What’s in a #stickerselfie?

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Photo: Jaqueline Moreno. Mowgli reminding me what I truly need after voting.

What our country has been witnessing over the past several weeks, leading up to the November 6th midterm election, is a massive behavioral intervention program.

I had a conversation with my dad exactly ten years ago, ~extremely~ proud of having received my first-ever “I Voted!” sticker. It was November 2008. I had turned 18 that spring, and had just voted for the first black president of this country in my first-ever election. “Although,” I said in my ‘I’m-18-and-legally-an-adult-thus-I-know-everything”‘voice, “you know that the ads aren’t ~exactly~ telling the truth. They say that each vote matters—well technically, that’s not true. If everyone who was going to vote today still voted, and you just take out my one vote, technically it makes no difference.” (I can be kind of unbearable sometimes.)

His patriotic pupils dilated and he immediately schooled me. “No,” he said, “you’re right in that each vote individually does not matter, IF you control for the rest of the ballots that would have happened. But we don’t live in a science experiment. You need to believe that every vote matters. That’s the whole point, that’s the beauty of the right to vote. You learned about the three-fifths compromise, right? People used to be counted as less-than-people. Thanks to those who paved the way in previous generations, your vote is not more or less important than mine, or more or less important than any other landowning male’s” (cue my ‘barf’ gesture). “And with everyone believing in the inherent value of their voice, the individual votes become the thousands of votes that DO decide elections.”

I was floored, impressed, and speechless. My parents had taught me from a young age that behavior has consequences. Behavior analysis taught me that adjustments and changes to environments we made affected behavior we wanted to see happen. Plus, anger and rage can be great motivators for change. Imagine if people hadn’t bothered to challenge the notion that they were less-people-than-people. Imagine if women hadn’t bothered to challenge the notion that what lay between their legs was more important than what lay between their ears. Imagine if I hadn’t had parents who understood that raising a responsible citizen involved demonstrating that my place in “the bigger picture” was a symbolic dot in this country’s grandest Monet.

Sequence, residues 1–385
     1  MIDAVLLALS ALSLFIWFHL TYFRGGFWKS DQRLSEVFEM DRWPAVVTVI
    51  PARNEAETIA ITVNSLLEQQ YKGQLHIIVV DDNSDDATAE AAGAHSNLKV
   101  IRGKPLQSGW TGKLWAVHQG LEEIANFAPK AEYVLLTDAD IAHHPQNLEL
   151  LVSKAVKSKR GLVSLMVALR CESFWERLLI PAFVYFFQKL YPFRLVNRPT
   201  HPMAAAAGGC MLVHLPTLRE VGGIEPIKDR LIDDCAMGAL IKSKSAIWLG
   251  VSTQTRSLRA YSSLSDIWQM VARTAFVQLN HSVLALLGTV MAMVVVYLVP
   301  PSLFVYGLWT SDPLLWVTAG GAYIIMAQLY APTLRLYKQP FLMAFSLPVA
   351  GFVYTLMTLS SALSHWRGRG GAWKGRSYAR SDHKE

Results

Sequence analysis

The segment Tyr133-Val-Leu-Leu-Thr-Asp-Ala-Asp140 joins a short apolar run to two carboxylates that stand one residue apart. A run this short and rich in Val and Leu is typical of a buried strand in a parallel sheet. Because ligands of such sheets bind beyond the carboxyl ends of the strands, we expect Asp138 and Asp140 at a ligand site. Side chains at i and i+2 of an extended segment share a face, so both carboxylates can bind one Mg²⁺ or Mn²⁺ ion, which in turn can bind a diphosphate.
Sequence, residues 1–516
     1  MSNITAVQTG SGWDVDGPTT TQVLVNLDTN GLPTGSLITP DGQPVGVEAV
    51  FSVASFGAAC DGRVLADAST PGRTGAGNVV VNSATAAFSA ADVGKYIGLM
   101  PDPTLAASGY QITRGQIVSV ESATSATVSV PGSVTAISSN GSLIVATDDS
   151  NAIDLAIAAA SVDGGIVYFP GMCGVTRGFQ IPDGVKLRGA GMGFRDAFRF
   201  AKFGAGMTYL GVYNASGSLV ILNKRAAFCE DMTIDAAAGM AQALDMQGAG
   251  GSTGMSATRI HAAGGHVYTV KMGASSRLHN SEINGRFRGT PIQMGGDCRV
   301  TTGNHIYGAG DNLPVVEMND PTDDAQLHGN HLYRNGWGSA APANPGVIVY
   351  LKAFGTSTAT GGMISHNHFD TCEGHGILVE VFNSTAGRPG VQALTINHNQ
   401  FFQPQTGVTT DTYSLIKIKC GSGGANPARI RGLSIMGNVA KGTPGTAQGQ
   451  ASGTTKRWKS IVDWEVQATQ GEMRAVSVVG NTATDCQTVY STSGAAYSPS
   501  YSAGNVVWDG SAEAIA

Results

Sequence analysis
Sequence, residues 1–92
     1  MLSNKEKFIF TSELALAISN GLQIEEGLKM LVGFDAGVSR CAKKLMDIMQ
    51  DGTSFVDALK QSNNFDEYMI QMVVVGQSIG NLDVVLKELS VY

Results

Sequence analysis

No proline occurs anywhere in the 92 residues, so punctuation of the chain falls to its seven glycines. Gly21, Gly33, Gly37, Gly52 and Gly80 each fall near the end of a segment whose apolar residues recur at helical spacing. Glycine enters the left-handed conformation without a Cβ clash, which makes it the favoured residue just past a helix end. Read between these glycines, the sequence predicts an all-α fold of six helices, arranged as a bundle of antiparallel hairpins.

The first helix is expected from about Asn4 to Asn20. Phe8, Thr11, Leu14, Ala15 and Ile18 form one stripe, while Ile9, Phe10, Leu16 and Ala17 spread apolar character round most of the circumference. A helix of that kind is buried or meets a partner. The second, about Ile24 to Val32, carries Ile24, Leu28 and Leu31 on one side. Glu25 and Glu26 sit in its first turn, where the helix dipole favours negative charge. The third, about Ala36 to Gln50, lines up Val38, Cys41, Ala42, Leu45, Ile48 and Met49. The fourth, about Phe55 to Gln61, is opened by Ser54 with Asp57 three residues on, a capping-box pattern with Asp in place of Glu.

What we have seen with ads and massive campaigns (hehe) to get people out and voting is a collective effort of enriching the environment to get people believing in their own voices. That’s such an abstract concept, and when dissected to a microscopic level, okay fine, one individual vote doesn’t decide elections in those dramatic, last-second-touchdown-in-overtime kinds of ways.

So what’s really in a phrase? What’s really in a sticker? What does that requisite selfie actually reflect? It reflects a belief in social change. It reflects a behavior intervention strategy that WORKS—hope. Every vote matters, every voice is important. It reflects a belief that small, individual steps contribute to our journey toward a kinder, more compassionate world. I smile at those selfies. Keep ’em coming! Where there is an ‘I Voted’ #stickerselfie, there is hope.

The Behaviorism of Hate

Today, the world witnessed what some might call ‘a white supremacist extinction burst.’

When a young child starts paying attention to items at the grocery store, he can suddenly notice the gleam of all the different items’ packaging, some items of which his parent places in their cart; others, she doesn’t. Perhaps there was one afternoon when his grandfather gave him a delicious chocolate treat, and it had this same outer wrapping as that TV commercial showed, and wait—there it is on the shelf, by the checkout stand! Grabbing for it, the child is rebuked. Father puts it back on the shelf. Mother says, “No, we’re not taking that.” But the child wants it! He liked it then, he wants it now — “I WANT CANDY!” he screams.

We’ve hit a watershed moment. The parent can give in, provide the child with the desired item, OR, the parent can firmly reiterate, “No, I hear you, I know you’re upset because you want it, but you can’t have the candy.”

More often than not, I’m called in to situations because the parents have taken the first route. Giving the child candy, for whatever reason — guilt, embarrassment, indulgence — now sets up a series of learning patterns, a behavioral dance, between child and parent.

More often than not, I’m called in to situations where these “behavioral dances” have gotten way out of hand. What happens when the child screams for candy over and over until, one day, the parent actually says “no,” and sticks to it? From the perspective of the child, this is a violation of their previous contract!

Extinction bursts happen when we realize that what used to work for us no longer does. I get frantic calls from parents, telling me their child is now acting even more violent since we started behavior therapy, acting worse, and (one of my favorite phrases), “completely out of nowhere!” Of course he is! What used to work no longer does. Screaming at a high pitch no longer works, so now, he’s going to see if screaming at a higher pitch, with some good ol’ fashioned bites to boot, does the trick.

The key to knocking out these bursts is consistency. We have to be consistent, or we set up a new pattern for the child, effectively reinforcing her for even worse behavior. The rule must apply, no matter the way the behavior changes. I try to make it relevant to the parent, “What would happen if what used to work for you no longer worked anymore?”

We can observe this in our own behavior during everyday activities — we have our own extinction burts when we engage in road rage, get in fights with significant others, or steal office supplies from work. Suddenly, our environments (and the people/places that make them up) no longer create the behavioral contingencies, the behavioral dances, they used to, even though we continued with the same actions we always have.